Northern Ireland

PSNI chief pressed over delays in supply of information to legacy inquests

Sinn Fein leader Mary Lou McDonald (Brian Lawless/PA)
Sinn Fein leader Mary Lou McDonald (Brian Lawless/PA)

Northern Ireland’s chief constable Jon Boutcher has been pressed over delays in the release of information to inquests into deaths during the Troubles.

Sinn Fein President Mary Lou McDonald said her party has “huge concerns” around the length of time the disclosure of information is taking to legacy inquests, which she said is causing delays to proceedings and frustrating families.

She raised the ongoing inquest into the death of GAA official Sean Brown, 61, who was abducted and killed by loyalists as he locked the gates at Bellaghy Wolfe Tones Club in Co Derry in May 1997.

No one has been convicted of his murder.

His inquest began in March but has been delayed due to disclosure issues.

A number of legacy inquests are currently at hearing against the backdrop of the Government’s new Legacy Act, which states that any legacy inquests that have not reached the point of verdict by May 1 2024 will be discontinued.

Counsel for the PSNI in a number of legacy inquests have argued that there is a huge demand for disclosure with limited resources to carry all the requests out.

Ms McDonald said: “To date the inquest has not been completed and now, more than 26 years after the killing, 18 new files of sensitive material have just been made available for review.

“Such delays are corroding wider community confidence.

“This is another defining moment for policing here, much has been done, but there is more to do, and all relevant bodies must work together to ensure that happens.”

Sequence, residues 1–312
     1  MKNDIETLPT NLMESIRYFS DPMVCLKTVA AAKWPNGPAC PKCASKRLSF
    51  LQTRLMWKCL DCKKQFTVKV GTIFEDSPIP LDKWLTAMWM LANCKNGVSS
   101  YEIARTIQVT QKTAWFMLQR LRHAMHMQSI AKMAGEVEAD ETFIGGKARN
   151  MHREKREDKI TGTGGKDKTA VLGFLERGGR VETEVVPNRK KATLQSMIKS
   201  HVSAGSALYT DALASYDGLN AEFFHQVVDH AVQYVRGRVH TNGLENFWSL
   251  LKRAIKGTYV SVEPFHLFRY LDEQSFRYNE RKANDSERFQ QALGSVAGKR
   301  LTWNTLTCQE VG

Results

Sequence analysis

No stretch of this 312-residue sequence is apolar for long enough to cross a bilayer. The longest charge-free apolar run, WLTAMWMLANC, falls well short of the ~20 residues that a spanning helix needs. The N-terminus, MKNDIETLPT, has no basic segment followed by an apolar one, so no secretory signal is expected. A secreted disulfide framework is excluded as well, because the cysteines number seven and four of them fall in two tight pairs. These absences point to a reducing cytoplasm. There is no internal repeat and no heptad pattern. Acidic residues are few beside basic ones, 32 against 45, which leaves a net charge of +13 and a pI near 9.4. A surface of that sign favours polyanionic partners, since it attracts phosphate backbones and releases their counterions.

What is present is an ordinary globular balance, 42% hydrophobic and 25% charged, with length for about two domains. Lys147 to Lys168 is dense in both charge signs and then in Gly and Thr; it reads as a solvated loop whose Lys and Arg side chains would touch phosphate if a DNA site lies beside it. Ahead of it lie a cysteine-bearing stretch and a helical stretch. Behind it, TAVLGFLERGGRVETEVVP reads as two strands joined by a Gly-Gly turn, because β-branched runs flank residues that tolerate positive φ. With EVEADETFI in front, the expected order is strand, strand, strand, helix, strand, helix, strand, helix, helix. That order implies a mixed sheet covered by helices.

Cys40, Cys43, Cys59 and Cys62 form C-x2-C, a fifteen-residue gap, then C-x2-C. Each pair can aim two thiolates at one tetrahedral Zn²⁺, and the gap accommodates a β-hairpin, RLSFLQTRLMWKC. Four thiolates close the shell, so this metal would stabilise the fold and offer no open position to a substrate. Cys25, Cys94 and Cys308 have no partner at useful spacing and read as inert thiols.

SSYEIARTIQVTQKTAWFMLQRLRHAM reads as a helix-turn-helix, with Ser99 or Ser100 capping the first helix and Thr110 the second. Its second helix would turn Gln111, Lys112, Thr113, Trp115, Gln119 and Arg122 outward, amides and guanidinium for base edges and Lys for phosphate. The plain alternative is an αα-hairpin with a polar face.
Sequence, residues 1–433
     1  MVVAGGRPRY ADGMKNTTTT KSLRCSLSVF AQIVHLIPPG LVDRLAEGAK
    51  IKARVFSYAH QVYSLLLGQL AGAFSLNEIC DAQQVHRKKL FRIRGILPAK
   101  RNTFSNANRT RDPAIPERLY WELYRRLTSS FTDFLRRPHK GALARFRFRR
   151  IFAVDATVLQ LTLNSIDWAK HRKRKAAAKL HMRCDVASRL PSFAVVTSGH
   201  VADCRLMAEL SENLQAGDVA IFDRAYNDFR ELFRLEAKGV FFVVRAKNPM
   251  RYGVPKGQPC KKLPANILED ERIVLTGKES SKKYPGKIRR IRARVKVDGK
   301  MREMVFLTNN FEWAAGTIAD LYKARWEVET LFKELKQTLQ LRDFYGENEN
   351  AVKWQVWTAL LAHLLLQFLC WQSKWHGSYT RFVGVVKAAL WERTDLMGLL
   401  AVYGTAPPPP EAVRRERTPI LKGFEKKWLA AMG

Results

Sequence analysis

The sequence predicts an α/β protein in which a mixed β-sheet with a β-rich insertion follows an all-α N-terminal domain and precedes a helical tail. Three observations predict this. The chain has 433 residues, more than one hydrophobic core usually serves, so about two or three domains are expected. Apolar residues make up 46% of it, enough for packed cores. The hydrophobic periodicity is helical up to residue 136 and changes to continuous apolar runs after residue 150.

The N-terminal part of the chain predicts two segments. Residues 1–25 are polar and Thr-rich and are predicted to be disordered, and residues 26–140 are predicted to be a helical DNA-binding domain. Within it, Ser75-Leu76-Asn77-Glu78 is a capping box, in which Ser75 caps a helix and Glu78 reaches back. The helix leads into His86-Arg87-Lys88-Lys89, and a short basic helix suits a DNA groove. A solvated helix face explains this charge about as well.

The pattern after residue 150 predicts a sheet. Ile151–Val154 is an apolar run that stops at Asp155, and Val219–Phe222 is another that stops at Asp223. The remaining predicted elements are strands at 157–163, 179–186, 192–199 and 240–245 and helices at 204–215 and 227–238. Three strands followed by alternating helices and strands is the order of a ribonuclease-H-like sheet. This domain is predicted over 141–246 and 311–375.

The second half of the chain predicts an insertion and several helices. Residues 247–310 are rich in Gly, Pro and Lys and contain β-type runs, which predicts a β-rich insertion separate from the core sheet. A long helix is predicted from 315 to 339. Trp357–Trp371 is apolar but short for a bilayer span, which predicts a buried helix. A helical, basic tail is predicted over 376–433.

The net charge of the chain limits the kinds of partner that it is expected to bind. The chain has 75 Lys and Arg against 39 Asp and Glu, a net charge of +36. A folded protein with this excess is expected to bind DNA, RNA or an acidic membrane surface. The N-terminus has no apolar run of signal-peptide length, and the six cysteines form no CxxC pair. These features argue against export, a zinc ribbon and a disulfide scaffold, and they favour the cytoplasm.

Ms McDonald led a delegation from her party to meet with Mr Boutcher on Thursday.

The former Operation Kenova chief became PSNI chief constable in early November after the resignation of Simon Byrne following a string of controversies.

These included a critical High Court judgment which found that actions taken against the junior police officers were unlawful.

PSNI new chief constable
PSNI chief constable Jon Boutcher (PA)

It also said they had been disciplined over the policing of an event to remember an atrocity in Belfast during lockdown, to allay a threat that Sinn Fein could withdraw its support for policing.

Sinn Fein has said several times that there was no such threat.

Ms McDonald said she also emphasised to Mr Boutcher that rebuilding trust and confidence in policing with the community must be the number one priority.

“We wished Jon Boutcher well in his new role, and we look forward to working with him positively and constructively to ensure that people here have an effective and efficient policing service,” she said.

“The huge scale of the task in front of him must not be underestimated and there is clearly a job of work to be done to rebuild trust and confidence in the PSNI and that must be the number one priority.

“That includes rebuilding public confidence in policing with the community, but also rebuilding trust with PSNI officers, staff and their families following the huge data leaks.”

Ms McDonald added: “This is the time for all of us in political leadership, in the Policing Board and the PSNI to refocus on the task of delivering an efficient and effective policing service that works with and within the whole community impartially.”